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Lookup NU author(s): Dr Alison Williams
This work is licensed under a Creative Commons Attribution 4.0 International License (CC BY 4.0).
© 2017. This paper analyses how aircraft carriers were developed and positioned within US Navy planning for war in the Pacific during the first decade of the interwar period. Building on Caren Kaplan's framing of military mobility as a capacity, the paper contends that as carrier technologies advanced during the 1920s so recognition of their capacity to act as more than simply mobile islands tasked with supporting the big guns of the fleet emerged. The paper draws on a range of primary sources, specifically pertaining to War Plan Orange (the US's plan for war against Japan primarily developed during the 1920s and 1930s), and analyses US Naval War College documents that positioned carriers, often aspirationally, as key tools of US Pacific power projection. Inflected through discussion of two US Fleet Problems - naval exercises which took place in 1924 and 1929 - the paper contends that the emergence of a recognition that the capabilities of both ship and aircraft needed to be considered in tandem offered new and important strategic opportunities for US war planners during the interwar period.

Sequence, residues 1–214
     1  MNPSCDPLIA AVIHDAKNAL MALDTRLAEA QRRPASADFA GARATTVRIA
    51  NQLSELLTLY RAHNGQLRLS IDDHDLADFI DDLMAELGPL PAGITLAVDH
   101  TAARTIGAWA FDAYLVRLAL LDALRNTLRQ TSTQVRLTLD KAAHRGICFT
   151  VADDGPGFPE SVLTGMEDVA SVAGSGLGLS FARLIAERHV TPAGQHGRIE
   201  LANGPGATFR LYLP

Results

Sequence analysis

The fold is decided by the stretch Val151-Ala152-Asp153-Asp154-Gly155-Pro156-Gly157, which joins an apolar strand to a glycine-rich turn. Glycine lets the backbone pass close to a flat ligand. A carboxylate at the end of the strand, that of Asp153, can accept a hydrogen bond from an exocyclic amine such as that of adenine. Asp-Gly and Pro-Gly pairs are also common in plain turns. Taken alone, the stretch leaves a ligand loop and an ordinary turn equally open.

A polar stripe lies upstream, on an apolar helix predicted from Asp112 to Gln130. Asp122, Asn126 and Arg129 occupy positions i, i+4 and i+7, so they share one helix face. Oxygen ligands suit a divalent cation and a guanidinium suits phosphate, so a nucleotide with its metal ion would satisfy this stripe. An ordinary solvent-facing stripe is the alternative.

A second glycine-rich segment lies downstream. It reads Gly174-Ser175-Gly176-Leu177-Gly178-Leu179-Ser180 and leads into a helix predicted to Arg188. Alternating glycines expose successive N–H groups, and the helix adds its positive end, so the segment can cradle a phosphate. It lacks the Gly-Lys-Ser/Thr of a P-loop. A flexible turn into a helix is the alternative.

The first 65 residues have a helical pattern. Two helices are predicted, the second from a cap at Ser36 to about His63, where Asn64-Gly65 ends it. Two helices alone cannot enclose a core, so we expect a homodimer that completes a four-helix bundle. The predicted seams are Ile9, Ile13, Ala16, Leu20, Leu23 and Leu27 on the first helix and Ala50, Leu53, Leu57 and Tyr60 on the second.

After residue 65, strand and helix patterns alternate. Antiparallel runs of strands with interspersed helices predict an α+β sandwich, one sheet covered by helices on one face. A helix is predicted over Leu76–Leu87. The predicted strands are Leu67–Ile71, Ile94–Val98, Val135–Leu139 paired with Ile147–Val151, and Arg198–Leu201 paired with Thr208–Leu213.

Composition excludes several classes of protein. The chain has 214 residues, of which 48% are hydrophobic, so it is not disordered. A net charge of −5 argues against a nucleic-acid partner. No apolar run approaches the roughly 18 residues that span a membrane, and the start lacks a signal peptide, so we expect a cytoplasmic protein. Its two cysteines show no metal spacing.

Author(s): Williams AJ
Publication type: Article
Publication status: Published
Journal: Journal of Historical Geography
Print publication date: 01/10/2017
Online publication date: 01/08/2017
Acceptance date: 23/07/2017
Date deposited: 22/08/2017
ISSN (print): 0305-7488
ISSN (electronic): 1095-8614
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